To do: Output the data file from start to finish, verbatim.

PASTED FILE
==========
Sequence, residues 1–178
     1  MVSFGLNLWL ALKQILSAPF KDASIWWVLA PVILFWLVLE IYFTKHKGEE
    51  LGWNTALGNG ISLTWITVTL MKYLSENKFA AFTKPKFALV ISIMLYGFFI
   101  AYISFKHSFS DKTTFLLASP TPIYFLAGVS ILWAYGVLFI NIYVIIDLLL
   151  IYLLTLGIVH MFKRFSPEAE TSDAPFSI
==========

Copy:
Sequence, residues 1–178
     1  MVSFGLNLWL ALKQILSAPF KDASIWWVLA PVILFWLVLE IYFTKHKGEE
    51  LGWNTALGNG ISLTWITVTL MKYLSENKFA AFTKPKFALV ISIMLYGFFI
   101  AYISFKHSFS DKTTFLLASP TPIYFLAGVS ILWAYGVLFI NIYVIIDLLL
   151  IYLLTLGIVH MFKRFSPEAE TSDAPFSI